Proposed E-mail privacy legislation

“Given how far the internet has come in the past few years, it might be surprising to find that the most recent law requiring privacy standards for electronic communications is from 1986,”  an article in’s Law Technology News this morning reports – “Several of the largest technology and internet companies have joinned forces with conservative and liberal organizations in a show of solidarity for a proposed amendment to the 1986 Electronic Communications Privacy Act.

In a July 12th.  letter to the Senate, the article reported, companies such as Microsoft, Oracle, Intel, Adobe, Facebook, Twitter, Google, and Yahoo urged passage of the amendment, which would modernize the ECPA and increase the level of protection given to emails and electronic communications from the government.

“Senators Patrick Leahy (D-Vermont) and Mike Lee’s (R-Utah)proposed amendment would force government agencies to get a warrant before they could access any emails or electronic  communications stored on third-party servers, regardless of when they were received,” the article continued, quoting the letter’s saying  "American consumers and businesses large and small are increasingly taking advantage of the efficiencies offered by web-based email servers and cloud-based storage and computing. Removing uncertainty about the level of legal protection afforded such information will encourage consumers and companies, including those outside the U.S., to utilize these services."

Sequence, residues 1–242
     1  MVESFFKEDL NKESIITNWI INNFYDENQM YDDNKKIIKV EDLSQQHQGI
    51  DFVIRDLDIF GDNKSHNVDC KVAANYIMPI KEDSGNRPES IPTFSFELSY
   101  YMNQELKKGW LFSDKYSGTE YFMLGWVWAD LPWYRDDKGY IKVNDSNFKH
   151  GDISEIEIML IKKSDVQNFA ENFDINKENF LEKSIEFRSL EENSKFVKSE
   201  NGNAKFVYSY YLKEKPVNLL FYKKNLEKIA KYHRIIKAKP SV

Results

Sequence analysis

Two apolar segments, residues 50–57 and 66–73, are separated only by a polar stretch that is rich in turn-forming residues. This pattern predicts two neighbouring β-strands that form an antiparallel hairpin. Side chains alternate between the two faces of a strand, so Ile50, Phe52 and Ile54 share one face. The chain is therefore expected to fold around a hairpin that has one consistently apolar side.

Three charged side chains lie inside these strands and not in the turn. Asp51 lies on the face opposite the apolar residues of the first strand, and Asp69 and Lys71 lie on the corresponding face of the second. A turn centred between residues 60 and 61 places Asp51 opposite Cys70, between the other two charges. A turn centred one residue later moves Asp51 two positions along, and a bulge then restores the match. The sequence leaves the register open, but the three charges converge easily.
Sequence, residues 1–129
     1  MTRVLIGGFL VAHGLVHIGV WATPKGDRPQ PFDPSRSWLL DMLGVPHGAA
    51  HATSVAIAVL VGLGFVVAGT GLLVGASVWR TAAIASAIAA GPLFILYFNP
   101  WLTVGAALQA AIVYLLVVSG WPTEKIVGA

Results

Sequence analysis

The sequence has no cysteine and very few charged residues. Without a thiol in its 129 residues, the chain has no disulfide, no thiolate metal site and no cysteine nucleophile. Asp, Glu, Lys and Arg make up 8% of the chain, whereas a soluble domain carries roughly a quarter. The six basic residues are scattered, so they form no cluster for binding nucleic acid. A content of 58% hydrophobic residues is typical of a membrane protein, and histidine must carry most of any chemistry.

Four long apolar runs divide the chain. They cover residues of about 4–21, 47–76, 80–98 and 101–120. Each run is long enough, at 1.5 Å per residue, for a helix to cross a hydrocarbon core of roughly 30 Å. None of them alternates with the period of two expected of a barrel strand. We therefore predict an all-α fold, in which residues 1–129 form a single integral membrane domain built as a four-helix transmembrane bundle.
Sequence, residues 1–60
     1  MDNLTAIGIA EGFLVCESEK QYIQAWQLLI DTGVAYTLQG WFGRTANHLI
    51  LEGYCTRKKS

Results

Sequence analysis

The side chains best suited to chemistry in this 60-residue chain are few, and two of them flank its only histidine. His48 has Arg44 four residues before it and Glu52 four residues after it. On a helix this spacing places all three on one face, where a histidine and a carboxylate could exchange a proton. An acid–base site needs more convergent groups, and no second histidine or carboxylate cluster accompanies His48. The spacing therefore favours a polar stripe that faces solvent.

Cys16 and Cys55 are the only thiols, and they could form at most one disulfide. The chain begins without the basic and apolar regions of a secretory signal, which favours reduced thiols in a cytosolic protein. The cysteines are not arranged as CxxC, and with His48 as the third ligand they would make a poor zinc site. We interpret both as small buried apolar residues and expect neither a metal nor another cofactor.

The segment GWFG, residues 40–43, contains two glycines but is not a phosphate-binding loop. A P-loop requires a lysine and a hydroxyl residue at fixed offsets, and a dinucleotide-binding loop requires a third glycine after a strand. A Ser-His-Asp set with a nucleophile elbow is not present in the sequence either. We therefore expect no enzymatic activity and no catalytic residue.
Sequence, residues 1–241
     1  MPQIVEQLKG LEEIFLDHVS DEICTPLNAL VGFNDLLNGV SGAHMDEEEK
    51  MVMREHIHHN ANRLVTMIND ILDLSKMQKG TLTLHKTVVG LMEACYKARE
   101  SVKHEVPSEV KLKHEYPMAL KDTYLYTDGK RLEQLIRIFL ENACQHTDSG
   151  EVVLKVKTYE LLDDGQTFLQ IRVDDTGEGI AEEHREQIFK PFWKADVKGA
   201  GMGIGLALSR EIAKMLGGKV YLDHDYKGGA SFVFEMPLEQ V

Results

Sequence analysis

The article also says “the letter also expressed opposition to a proposal from the Securities and Exchange Commission granting the agency an exemption from the amendment. In an April 24 letter to Senate Judiciary Committee Chairman Leahy, SEC Commissioner Mary Jo White cautioned that the amendment would have a "significant negative impact" on the SEC's enforcement capabilities. White argued that getting a subpoena or warrant for emails every single time was impractical and would encourage individuals or entities under investigation to delete incriminating emails. Instead, White proposed preserving the SEC's ability to get emails directly from third-party providers, "in appropriate circumstances."